If you’re looking for some pride programming right now, there are many, many options to choose from. Here are a few favorites you might want to consider.
This year, pride month has taken on a more urgent and universal tone with everything else going on in the world — most recently with Monday’s decision by the Supreme Court to protect LGBTQ workers from discrimination.
Given the current mood, I’m going with films that will leave you in a positive place at the end. As worthy as they are, we’ll save the more tragic classics like “Brokeback Mountain,” “Gods and Monsters,” “Boys Don’t Cry,” “Longtime Companion,” “Milk” and “120 BPM” for another day.
Bound (1996) (HBO Max, Crackle, Amazon Prime, YouTube, iTunes)
Before upending modern sci-fi and action cinema with “The Matrix,” the Wachowskis delivered a jaw-dropping debut with this riveting, ultra-stylish heist thriller. Recently released con Gina Gershon finds her gig doing repairs at an apartment building complicated by a fling with Jennifer Tilly, who comes up with a plan to rip off her mobster boyfriend — which turns out to be way more dangerous than it seemed.
Carol (2015) (Vudu, Amazon Prime, iTunes)
Todd Haynes, one of America’s great trailblazing gay directors, has many major films under his belt, including “Far from Heaven” and “Velvet Goldmine.” When exploring his work, however, the best place to start may be this razor-sharp Oscar-nominated romance starring a married Cate Blanchett pursuing department store employee Rooney Mara. The film is based on a novel by legendary mystery writer Patricia Highsmith.
Circus of Books (2020) (Netflix)
If you ever doubted truth was stranger than fiction, take a look at this documentary about the family behind WeHo’s most important bookstore — and adult entertainment purveyor — on Santa Monica Boulevard before it closed last year.
The Jewish couple who steered this ship through the advent of the AIDS era, marriage equality and much more inspired their daughter, Rachel Mason, to make this freewheeling film, which also poses some profound questions about reconciling your faith with the world around you.
God’s Own Country (2017) (iTunes, YouTube, Amazon Prime)
“Call Me by Your Name” may have gotten the awards glory among gay films from 2017 — and indeed, it’s a terrific film — but some more love should really go to this deeply affecting love story from the same time. Deeply repressed living with his family on a Yorkshire farm, young Josh O’Connor experiences a profound awakening with the arrival of a new worker emigrated from Romania. This film doesn’t flinch from the harsher aspects of daily farm life, but it’s worth discovering and will leave you feeling truly uplifted by the end.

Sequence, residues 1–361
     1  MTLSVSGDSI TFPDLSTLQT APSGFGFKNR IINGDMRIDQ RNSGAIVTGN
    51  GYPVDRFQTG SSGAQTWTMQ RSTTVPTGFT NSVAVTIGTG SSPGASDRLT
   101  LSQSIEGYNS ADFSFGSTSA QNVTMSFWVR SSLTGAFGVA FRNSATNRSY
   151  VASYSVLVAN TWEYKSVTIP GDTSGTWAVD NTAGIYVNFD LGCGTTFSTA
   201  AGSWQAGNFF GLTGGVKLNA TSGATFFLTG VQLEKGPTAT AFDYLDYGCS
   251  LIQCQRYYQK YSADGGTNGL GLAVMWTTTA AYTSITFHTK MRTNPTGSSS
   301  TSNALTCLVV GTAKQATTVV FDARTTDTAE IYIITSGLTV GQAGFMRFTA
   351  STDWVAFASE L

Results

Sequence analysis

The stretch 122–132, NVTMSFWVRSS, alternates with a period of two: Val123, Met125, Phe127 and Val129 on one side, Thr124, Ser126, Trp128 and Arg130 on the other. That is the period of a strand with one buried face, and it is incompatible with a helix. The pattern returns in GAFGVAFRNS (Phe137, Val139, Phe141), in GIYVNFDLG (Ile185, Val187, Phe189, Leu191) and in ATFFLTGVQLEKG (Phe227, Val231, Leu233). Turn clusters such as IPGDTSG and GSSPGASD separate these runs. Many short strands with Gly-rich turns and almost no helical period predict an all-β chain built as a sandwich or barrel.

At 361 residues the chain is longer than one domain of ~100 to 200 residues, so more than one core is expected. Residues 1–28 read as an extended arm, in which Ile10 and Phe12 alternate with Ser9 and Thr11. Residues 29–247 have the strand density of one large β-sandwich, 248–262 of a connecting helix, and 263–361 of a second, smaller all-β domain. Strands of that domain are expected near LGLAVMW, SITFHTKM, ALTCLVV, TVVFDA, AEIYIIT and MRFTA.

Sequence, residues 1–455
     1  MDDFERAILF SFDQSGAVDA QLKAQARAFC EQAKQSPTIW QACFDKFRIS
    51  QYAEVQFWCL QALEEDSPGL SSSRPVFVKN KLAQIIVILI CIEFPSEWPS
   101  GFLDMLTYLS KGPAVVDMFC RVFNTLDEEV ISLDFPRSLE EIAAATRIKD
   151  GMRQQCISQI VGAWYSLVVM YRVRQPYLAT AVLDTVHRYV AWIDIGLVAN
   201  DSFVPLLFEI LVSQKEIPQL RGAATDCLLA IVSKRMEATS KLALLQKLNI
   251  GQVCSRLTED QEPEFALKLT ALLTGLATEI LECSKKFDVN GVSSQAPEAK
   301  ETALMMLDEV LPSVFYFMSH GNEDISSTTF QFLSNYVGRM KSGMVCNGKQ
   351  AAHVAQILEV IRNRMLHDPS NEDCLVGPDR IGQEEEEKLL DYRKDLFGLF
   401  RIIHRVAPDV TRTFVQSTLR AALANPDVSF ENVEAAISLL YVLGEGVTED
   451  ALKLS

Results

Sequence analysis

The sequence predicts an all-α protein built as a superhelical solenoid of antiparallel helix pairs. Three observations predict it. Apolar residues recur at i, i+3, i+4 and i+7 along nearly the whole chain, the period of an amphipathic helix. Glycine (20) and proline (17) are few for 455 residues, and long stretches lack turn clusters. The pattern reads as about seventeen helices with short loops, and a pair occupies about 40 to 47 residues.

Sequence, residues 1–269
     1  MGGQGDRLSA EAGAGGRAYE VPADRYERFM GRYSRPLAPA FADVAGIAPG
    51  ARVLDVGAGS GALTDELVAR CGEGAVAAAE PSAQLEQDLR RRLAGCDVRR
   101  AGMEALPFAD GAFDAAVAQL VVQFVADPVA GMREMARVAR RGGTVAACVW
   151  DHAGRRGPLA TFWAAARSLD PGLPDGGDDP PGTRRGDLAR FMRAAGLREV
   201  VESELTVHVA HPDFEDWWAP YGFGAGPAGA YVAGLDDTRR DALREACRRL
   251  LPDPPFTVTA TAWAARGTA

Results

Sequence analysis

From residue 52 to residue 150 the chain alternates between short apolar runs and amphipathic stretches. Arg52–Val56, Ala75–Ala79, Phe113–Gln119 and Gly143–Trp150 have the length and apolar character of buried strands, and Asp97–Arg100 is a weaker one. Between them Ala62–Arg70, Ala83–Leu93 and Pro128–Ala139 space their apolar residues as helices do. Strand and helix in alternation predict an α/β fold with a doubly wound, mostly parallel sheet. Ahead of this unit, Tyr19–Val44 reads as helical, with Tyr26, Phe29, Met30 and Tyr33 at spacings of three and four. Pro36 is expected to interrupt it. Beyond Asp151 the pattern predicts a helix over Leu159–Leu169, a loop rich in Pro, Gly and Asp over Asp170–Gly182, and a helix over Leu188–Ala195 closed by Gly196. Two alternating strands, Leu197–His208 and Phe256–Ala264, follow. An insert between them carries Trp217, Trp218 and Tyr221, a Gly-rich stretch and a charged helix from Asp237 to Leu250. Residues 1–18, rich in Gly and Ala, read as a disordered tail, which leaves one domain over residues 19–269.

The Handmaiden (2016) (iTunes, Vudu, Amazon Prime)
Acclaimed South Korean director Park Chan-wook (“Oldboy”) delivered one of his best films with this diabolically clever thriller about a Japanese heiress who takes on a new handmaiden in her home, unaware that a cunning scheme is afoot to steal her wealth. That’s just the beginning of this twisty gem as it turns into an unorthodox, nail-biting love story.
Hedwig and the Angry Inch (2001) (Hulu, iTunes, Amazon Prime)
Director, writer and star John Cameron Mitchell turned his outrageously flashy stage hit into an equally enjoyable musical film with this hard-rocking saga about a German singer whose fame and happiness are thwarted by an ill-advised romance and an unsuccessful sex change. Heck, pair this one up with “The Rocky Horror Picture Show” and prepare for more earworms than your mind can handle.
Love, Simon (2018) (Amazon Prime, iTunes, Google Play, YouTube)
The wave of young adult adaptations kicked off by Harry Potter years ago can still produce some real surprises, and none were bigger than this sweet, charming and often very funny dramedy about a closeted high school teen who tries to discover the identity of his online romantic crush at school. Catching this in the theatre was an unforgettably giddy experience, but you’ll still have a great time with it at home, too.
Moonlight (2016) (Netflix, Vudu, iTunes)
The importance of Barry Jenkins’ profound snapshot of a Black gay youth’s coming of age is hard to overstate, even if its best picture win at the Oscars was marred by the most notorious snafu in awards history. Three different actors perfectly play the protagonist, Chiron, at different stages of his life in Miami, though Mahershala Ali nearly walks away with the film as an unforgettable father figure.
Pride (2014) (Amazon Prime, Vudu, iTunes, Google Play, YouTube)
This true story about the intersection of striking miners in a Welsh village and a burgeoning gay activist movement is an inspiring snapshot of the power of people unifying together in one voice. Filled with perfectly etched characters, the film is also a fine history lesson about the challenges faced by any number of disenfranchised communities at the height of the Thatcher era.
The Wedding Banquet (1993) (Vudu, Pluto TV)
One of the truly great discoveries of the ’90s arthouse renaissance was this delightful culture clash comedy from Ang Lee, making a terrific international breakthrough long before his big hits like “Crouching Tiger, Hidden Dragon,” “Life of Pi,” “Sense and Sensibility” and “Brokeback Mountain.” Here we have a snappy comedy of errors as a gay Taiwanese man arranges a phony engagement to please his hands-on parents — only to escalate to an actual wedding, much to the irritation of his actual partner.